ACI EUROPE: Airports need to future-proof

At the 34th ACI EUROPE Annual Congress, held in Istanbul last week, Olivier Jankovec advised that airports need to ‘future-proof.’

Olivier Jankovec, addressing the new normal experienced by European airports, as well as the key financial and operational challenges ahead in the State of the Industry address at the 34th ACI EUROPE Annual Congress, stressing the need for future-proofing. This was contextualised with the industry’s continued traffic resilience, structural aviation market changes and geopolitical tensions, as well as the need for more sustainable innovations and measures. 

New market reality

Even though the latest traffic data demonstrates a surpassing of passenger volumes across the European airport network compared to 2019 levels1, and the peak summer months promise to be the busiest season2, there are still wide performance gaps amongst national and individual airport markets.

While there are some airports which are within fast-growing aviation markets, such as Albania, Uzbekistan and Armenia, that have seen an exponential growth in passenger traffic and tourism, as well as some VFR-dependent EU markets, such as Greece, Poland and Portugal, which have also seen an increase above their pre-pandemic volumes, there are still some airports, such as those in Finland, Germany, Sweden, the Czech Republic and Israel, that are below such volumes.

Jankovec said: “There is no question we live in a whole new world. Geopolitical tensions, the primacy of leisure & VFR demand coupled with Ultra Low-Cost Carriers’ continued expansion and Full-Service Carriers focusing on their hubs and consolidating — all these factors are shaping airports’ fortunes, resulting in heightened competitive pressures. While our headline figures tell the story of passenger traffic finally surpassing 2019 levels — not even half of Europe’s airports (47%) have actually fully recovered their pre‑pandemic volumes.”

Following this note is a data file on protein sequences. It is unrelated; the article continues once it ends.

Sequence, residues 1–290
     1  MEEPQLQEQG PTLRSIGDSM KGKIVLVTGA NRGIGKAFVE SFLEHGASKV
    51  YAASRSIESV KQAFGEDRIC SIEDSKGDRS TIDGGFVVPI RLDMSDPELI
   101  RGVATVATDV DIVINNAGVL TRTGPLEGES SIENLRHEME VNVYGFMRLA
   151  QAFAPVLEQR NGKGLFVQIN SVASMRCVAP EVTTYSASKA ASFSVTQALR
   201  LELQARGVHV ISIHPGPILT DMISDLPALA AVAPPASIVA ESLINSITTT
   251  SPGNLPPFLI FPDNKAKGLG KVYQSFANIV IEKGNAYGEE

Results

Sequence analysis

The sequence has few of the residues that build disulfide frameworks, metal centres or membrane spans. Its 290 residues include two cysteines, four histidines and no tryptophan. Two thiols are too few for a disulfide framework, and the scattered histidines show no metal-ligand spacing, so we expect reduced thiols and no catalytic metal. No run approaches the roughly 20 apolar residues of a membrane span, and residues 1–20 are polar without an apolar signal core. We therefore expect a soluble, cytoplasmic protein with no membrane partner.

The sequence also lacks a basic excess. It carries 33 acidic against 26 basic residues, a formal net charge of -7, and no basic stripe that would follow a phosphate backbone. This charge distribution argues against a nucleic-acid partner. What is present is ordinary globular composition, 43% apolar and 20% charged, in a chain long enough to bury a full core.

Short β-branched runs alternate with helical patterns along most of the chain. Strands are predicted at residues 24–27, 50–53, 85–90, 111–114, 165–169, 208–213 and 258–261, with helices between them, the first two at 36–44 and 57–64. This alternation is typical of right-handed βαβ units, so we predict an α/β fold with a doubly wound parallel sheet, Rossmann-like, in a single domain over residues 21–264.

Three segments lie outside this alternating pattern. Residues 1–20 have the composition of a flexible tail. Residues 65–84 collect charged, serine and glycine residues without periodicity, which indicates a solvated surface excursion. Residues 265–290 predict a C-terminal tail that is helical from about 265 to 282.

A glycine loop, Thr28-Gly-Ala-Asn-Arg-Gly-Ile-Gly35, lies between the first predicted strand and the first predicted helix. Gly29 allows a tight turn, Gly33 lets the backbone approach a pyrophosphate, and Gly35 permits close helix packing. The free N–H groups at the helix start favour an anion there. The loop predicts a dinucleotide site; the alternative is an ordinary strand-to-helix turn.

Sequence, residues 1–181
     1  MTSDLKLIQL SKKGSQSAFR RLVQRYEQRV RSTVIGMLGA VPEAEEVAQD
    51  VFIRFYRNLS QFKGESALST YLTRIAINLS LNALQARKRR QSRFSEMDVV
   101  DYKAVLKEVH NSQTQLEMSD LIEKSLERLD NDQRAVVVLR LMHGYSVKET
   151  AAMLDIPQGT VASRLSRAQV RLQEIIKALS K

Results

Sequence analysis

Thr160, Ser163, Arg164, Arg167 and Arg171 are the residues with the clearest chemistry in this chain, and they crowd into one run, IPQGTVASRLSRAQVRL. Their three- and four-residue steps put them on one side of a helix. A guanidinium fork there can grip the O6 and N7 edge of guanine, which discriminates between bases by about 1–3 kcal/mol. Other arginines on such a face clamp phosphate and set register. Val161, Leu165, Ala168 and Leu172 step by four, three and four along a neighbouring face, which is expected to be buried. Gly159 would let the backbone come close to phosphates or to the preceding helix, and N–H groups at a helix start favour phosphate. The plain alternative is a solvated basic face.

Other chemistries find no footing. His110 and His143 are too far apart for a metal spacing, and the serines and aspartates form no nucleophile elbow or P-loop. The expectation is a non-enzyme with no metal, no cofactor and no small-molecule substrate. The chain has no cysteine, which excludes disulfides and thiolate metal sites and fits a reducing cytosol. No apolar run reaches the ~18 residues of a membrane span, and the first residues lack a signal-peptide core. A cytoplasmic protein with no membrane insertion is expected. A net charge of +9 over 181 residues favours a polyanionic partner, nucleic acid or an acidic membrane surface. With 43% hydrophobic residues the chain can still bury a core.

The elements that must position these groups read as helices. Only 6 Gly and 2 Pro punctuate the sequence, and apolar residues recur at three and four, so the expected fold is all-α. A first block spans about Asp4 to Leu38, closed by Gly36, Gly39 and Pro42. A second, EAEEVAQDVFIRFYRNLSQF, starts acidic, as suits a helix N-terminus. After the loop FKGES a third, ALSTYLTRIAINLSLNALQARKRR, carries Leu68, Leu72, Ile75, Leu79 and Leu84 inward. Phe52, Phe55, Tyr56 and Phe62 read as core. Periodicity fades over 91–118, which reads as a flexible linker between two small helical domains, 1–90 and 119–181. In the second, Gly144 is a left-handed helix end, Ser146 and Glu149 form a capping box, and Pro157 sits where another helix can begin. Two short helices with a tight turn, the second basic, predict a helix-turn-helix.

Revenue imbalances & investment squeeze

These competitive pressures are very much shaping airports’ finances. If 2023 saw Europe’s airports posting a much-needed net profit of €8 billion, this remains below what was achieved back in 2019.
This result was mainly driven by non-aeronautical revenues4 increasing by +17% when compared to 2019, rather than user charges paid by airlines — which only yielded a +2% increase in aeronautical revenues. Meanwhile, airfares charged by airlines for intra‑European travel are up by +37% this month when compared to 20195.

Against that background, Jankovec warned about the risk of an airport investment squeeze for Europe: “Many airports had to pause investments in the wake of the pandemic. They now need to catch up to boost operational resilience, drive decarbonisation forward, keep digitalising and also increase capacity where required. And with inflation having pushed airports’ operating costs to record levels and the debt accumulated since COVID still standing at €130 billion, there is simply no way around relying more on the ‘user pays’ principle. This means airport charges cannot be frozen or let alone decrease — but that they will need to increase to sustain the estimated €360 billion in Europe’s airports investment needs by 2040.”  

Red card to regulators

That reality has yet to sink in with the way airports are regulated in some countries, where the interests of airlines, rather than those of the travelling public, communities and the planet, remain the guiding light. Reviewing recent decisions on airport charges, Jankovec gave a red card to:

  • The Irish Aviation Authority for its decision on airport charges at Dublin airport — which is based on the interest of just one dominant airline rather than consumer interest.